There was a piece in the New Zealand press which I Surfered yesterday in which Nathan Astle revealed the “brain washing” he and his team-mates have been experiencing, or whatever the term is.
This is the much-trumpeted forum that as told in Nathan Astle’s just released autobiography includes a session in which each player has to leave the room while the rest of side break into groups and dream up adjectives to best describe him, and a few things they believe he should try to brush up on.Apparently the brainchild of a former Australian school teacher, the supposed aim is to improve the relationship-dynamics between the players, therefore imbuing the squad with a greater sense of trust and, as a consequence, helping to achieve more success on the playing field. That’s the aim, anyway.
And today John Morrison, the former New Zealand batsman, has joined in the debate – even arguing that in terms of “over analysis,” the New Zealand cricket team is heading in the same direction as the All Blacks. He raises some important points:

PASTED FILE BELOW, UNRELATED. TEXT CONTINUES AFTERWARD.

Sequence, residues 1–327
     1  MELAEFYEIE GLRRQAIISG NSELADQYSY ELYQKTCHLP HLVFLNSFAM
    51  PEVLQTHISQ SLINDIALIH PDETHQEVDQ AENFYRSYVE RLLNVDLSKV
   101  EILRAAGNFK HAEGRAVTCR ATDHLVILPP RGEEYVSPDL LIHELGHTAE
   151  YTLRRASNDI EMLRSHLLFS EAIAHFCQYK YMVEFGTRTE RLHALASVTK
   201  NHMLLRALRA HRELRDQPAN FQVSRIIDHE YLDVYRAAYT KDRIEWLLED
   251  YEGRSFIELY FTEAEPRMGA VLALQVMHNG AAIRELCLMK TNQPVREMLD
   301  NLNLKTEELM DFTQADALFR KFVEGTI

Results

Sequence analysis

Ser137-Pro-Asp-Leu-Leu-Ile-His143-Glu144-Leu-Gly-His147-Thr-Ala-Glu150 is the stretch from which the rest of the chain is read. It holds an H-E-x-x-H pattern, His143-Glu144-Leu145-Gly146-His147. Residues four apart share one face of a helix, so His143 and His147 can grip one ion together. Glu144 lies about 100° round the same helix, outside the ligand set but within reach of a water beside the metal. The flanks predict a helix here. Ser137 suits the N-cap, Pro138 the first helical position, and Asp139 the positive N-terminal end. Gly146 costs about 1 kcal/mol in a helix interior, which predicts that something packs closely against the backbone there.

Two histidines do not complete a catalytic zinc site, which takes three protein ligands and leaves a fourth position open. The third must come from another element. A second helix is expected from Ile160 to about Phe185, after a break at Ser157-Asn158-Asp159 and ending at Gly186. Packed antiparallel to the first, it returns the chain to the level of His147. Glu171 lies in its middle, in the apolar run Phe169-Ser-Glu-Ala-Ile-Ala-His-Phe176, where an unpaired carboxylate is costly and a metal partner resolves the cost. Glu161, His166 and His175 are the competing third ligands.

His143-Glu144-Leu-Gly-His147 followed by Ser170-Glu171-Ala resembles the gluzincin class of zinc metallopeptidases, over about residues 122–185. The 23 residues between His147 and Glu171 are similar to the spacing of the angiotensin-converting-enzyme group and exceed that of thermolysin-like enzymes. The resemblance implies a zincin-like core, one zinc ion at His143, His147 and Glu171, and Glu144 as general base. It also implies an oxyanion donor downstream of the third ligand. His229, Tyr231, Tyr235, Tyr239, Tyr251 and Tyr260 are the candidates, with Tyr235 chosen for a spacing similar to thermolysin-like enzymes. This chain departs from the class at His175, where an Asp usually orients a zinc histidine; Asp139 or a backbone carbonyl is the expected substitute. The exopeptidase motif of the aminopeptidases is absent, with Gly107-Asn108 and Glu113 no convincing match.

“I’m always worried when I go to a ground and see cricket coaches poring over laptops but the problem is, now if you say anything to the contrary you’re called old and out of touch.
So instead we’ve created this industry of extras around the team who have to justify their existence by taking any decisions or responsibilities away from the players.
“So we’ve got this mollycoddled generation of sportsmen who might be great athletes but who have lost all ability to think for themselves.
All this (for me, anyway) ties nicely into Giles Clarke’s comments the other day, in which he said “cricket is a business”. And it is. Cricket (and many other top-level sports) is no longer about the players, or even the sport itself. The game has become an incidental extra to the serious business of making money. Now, Morrison’s comments aren’t directly linked to this – but the constant over-use of technology, inspection and analysis isn’t helping anyone, and is another needless obsession away from the actual game itself. As he says, these players are all supreme athletes, but what do they have to show for it?
And what is the solution?